CBCnews

I, Google

by Saleem Khan, CBC News Online

If you ego surf Google and get no results, do you exist? Or worse, what if you're mistaken for someone else with an undesirable online profile? Those are the questions the Wall Street Journal's Kevin J. Delaney explored this week in a feature that highlighted the problems posed by the increasingly digital age in which we live.

Before Abigail Garvey got married in 2000, anyone could easily Google her. Then she swapped her maiden name for her husband's last name, Wilson, and dropped out of sight.

In Web-search results for her new name, links to Ms. Wilson's epidemiology research papers became lost among all manner of other Abigail Wilsons, ranging from 1980s newspaper wedding announcements for various Abigail Wilsons to genealogy records listing Abigail Wilsons born in the 1600s and 1700s. When Ms. Wilson applied for a new job, interviewers questioned the publications she listed on her résumé because they weren't finding the publications in online searches, Ms. Wilson says.

The problem isn't unique to women who change their names after marriage; anyone who has a name that's shared by others can run into problems when they get Googled by potential employers, classmates, colleagues or potential romantic partners. In other words, everyone.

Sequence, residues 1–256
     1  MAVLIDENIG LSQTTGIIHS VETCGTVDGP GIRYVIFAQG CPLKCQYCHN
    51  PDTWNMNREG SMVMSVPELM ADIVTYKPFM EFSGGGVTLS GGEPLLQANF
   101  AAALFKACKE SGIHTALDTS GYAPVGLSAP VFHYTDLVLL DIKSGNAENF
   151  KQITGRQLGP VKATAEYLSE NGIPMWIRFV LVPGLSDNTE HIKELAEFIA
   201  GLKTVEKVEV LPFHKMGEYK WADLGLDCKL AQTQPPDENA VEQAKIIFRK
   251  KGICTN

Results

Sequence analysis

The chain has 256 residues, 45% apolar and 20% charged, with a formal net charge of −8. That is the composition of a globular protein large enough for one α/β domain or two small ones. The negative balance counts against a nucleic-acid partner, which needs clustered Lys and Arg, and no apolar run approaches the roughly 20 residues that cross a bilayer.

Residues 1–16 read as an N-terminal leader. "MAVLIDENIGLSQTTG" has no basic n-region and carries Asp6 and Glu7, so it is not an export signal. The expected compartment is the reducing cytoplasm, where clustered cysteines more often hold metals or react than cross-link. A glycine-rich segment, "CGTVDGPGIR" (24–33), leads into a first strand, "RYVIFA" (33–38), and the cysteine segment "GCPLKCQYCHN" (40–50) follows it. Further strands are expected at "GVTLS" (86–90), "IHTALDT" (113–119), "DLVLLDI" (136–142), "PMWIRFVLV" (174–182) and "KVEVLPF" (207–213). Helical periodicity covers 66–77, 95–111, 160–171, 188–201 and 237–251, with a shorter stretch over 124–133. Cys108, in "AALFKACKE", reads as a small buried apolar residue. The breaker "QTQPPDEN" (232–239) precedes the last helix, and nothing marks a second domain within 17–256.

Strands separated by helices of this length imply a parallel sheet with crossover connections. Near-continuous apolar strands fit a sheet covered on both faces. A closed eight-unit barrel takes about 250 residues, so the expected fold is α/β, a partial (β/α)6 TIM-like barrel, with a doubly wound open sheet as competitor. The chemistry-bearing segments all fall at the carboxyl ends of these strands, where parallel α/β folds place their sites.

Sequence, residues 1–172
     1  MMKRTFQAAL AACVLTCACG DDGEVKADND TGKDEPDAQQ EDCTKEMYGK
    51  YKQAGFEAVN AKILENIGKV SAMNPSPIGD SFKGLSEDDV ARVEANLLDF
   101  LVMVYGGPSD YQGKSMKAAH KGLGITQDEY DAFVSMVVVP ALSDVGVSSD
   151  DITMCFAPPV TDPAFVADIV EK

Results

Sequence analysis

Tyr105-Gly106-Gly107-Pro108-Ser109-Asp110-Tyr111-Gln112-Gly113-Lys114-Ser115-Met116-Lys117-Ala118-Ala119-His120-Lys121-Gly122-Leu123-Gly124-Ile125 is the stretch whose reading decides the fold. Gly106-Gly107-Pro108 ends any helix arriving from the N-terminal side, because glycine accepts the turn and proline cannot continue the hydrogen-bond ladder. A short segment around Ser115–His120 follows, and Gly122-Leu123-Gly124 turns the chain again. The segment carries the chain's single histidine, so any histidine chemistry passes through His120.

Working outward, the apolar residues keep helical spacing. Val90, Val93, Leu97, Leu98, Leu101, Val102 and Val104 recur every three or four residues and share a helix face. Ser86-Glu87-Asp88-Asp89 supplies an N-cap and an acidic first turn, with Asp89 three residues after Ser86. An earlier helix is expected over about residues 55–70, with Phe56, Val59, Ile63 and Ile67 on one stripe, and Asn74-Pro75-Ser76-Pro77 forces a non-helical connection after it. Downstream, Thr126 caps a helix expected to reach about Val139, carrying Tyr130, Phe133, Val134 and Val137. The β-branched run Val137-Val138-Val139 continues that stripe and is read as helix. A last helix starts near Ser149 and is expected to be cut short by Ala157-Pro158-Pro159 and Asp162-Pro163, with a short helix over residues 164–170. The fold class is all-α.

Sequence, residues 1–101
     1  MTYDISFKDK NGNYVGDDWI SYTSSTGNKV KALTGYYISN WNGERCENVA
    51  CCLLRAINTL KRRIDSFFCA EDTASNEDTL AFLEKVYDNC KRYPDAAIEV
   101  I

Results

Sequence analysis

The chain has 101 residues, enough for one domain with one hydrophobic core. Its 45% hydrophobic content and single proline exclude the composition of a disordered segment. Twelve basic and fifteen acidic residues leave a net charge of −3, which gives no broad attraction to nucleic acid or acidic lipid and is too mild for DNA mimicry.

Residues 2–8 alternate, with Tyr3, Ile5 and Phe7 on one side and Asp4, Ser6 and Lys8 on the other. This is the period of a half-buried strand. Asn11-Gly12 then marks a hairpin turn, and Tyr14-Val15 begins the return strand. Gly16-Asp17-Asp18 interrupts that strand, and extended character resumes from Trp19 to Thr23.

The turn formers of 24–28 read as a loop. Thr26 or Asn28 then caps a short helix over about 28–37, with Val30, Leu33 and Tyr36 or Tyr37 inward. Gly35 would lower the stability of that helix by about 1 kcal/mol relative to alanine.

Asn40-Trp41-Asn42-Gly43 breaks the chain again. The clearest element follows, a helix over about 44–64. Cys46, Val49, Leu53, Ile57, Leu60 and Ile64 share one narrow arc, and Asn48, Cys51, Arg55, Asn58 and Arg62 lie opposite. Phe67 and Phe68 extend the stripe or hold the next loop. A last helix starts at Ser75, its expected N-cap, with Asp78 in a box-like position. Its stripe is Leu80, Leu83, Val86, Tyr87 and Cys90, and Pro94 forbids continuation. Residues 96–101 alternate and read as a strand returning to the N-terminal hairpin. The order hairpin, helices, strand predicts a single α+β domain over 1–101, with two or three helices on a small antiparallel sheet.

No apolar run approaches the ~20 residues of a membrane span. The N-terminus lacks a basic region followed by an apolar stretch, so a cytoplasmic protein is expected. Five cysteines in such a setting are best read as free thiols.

Fear of the myriad possibilities has led some people to take actions as drastic as employing the services of search engine optimization consultants, and even choosing names for children only after Googling their options.

Her husband rejected her original choice for their son, "Kohler," on the grounds that it would subject him to playground ridicule. The couple eventually chose "Benjamin."

"I gave up trying to find a one-of-a-kind name and decided that as long as he did not share the name with a serial killer, I would settle," Ms. Wilson explains.

It may seem somewhat trivial, an internet-age amusement – until you consider the implications when your identity can be shaped online by others, with potentially negative outcomes.

It's strangely ironic that in an age when people struggle to maintain their privacy, their greatest tool to establish the authenticity of their identity may be to use a medium eroding that privacy to establish an authoritative reputation online.

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